If I say that the socialist market consists of monopolies and lack of competition, that does not quite describe what my experience does, does it? I still have to say that: costs are established by the government, as is the product, the same for everyone – one or two brands of the car, television set, even the house furniture. You go visit your schoolmate at home – they will have exactly the same furniture from the same company (which supports the Regime, the Party and has acquired the much-desired governmental monopoly) – consequently, everything looks familiar to you. You feel at home everywhere. Isn’t that wonderful?
Yet, you do not have a home. Your home, your privacy, your dignity has been taken away from you. After a while, you cannot imagine anything else… Not until you take a peek into a West German catalog someone has smuggled into the country… Not until you (surreptitiously, at low volume at night) listen to the Russian-jammed Radio Free Europe…
Here is another aspect of socialism. Socialism is a police state. If a policeman stops you, you have to do as he says, go with him, stay locked up without any rights until he lets you go or you proceed to prison from which they pick you up and put you in front of a three-judge panel. Hopefully, these minions of the Regime will let you go…
Of course, if you have had the audacity to say something untoward about the government or the Demagogue – why, that is worse than a murder! Political prisoners are prisoners of free speech, the greatest evil of capitalism. The minimum sentence for “attacking the Regime” was 20 years, usually of hard labor, in a uranium mine (by then totally “mined out” by the Russians) or in a coal mine. Years later, after the “Velvet Revolution,” I had a boyfriend who had these rather large black spots around his spine and lower and upper back. I asked him where they came from, what were they. He said he was doing forced labor in a coal mine for two years, a deep black coal mine in Northern Moravia. I asked no more.
Today, I look at the modern demagogue who grew up with all advantages of capitalism and what he – indeed, she too – knows about socialism is limited to sociology studies, books describing those wonderful ideals of Marx, Engels, Lenin and their followers). This Modern Demagogue says: I am a “democratic socialist” – just to confuse you. If it has “democratic” or “democrat,” it must be good, mustn’t it?
Allow me to explain: social democrats in western European political systems are innocent only because they play their “social role” and function as part of a multi-party parliamentarian political system. What is more, they are “social” democrats, not democratic socialists – a difference not without insignificance! The latter, a democratic socialist, obviously means that this Modern Demagogue is a socialist first and uses the “demos” – i.e. people – only as an adjectival premodifier to personal power, the power of a populist demagogue who will turn “demos” (people) into “agony” (struggle) at the very first opportunity, the moment they transfer their power to Him: the “Struggle of the Proletariat,” Marx called it.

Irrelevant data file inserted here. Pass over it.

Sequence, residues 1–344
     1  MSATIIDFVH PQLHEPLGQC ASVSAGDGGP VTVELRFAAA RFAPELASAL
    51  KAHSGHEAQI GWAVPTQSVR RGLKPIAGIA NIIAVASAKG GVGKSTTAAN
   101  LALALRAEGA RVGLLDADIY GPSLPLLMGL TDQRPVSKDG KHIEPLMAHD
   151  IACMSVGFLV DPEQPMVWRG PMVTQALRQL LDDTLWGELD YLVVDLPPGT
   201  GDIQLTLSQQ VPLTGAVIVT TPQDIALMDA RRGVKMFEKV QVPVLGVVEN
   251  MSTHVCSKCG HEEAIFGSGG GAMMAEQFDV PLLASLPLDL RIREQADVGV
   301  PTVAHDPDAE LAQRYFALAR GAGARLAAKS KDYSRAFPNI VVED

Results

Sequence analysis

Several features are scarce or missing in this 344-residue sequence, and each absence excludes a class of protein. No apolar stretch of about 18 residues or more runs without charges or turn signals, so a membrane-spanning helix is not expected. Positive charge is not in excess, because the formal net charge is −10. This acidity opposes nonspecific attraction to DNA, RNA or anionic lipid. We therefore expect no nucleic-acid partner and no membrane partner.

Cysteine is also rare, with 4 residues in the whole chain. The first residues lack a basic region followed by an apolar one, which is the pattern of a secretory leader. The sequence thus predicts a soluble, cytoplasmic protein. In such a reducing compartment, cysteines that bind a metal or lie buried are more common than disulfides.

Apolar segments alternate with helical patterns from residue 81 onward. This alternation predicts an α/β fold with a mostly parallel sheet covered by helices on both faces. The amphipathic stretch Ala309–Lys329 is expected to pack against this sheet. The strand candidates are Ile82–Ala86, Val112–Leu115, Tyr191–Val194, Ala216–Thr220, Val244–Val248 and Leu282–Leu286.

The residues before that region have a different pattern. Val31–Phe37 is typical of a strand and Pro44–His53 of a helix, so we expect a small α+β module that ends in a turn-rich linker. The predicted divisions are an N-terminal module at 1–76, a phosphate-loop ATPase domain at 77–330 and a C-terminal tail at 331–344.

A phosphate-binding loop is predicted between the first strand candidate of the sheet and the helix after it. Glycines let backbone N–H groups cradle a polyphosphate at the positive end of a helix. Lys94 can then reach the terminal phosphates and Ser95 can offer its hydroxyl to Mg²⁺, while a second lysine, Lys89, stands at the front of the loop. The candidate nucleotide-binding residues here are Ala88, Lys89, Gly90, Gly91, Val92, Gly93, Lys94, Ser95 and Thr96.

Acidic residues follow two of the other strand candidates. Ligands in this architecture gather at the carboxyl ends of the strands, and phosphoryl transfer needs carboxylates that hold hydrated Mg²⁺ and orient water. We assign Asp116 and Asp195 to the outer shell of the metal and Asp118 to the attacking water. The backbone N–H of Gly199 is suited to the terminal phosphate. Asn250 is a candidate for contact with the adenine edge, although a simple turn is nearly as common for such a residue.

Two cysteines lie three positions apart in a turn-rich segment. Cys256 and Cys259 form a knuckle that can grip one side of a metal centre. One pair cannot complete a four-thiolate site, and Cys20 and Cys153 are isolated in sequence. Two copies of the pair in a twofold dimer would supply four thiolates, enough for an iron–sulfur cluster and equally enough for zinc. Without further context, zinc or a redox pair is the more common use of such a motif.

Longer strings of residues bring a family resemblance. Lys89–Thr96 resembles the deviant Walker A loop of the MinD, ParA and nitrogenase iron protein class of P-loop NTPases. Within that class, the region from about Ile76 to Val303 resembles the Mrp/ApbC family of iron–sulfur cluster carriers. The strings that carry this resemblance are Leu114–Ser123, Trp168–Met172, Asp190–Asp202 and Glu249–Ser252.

In a two party representative government, the danger of democracy turning into a totalitarian regime is much greater than in a multi-party parliamentarian system, where all powers and factions are kept in check by all the other powers and factions. As freedom is indispensable to democracy and it is also “to a faction as air is to fire” (as James Madison says in Federalist 10), we must treat democracy not as a stable system, a huge majestic animal without any natural enemies, but as a fragile, beautiful creature, a gentle lady, who can be swayed and lured, led astray and – violated – by a mob.
A mob is what people become in the hands of a socialist demagogue. There is no more “We the People.” People do not matter. Mottoes and icons matter, banners and slogans which you must shout too – or else…
I shiver when I see it, I can smell it a thousand miles away. When you have seen the Heart of Darkness, it alters you forever. “We the Mob, We the Mob!” is ringing in my ears. Ah, but that was not the old communist T.V. – that was NBC. Really? Just think in silence, do not let it out; for If you refuse to be subdued, suppressed, refuse to conform and give away your rights and liberties for some larger abstract “good,” off to the mine with you! Make no mistake about it: an individual “makes no difference!”
That is what socialism is about. Believe me, I have been there before – and I am not going back.
(Originally published October 2015.)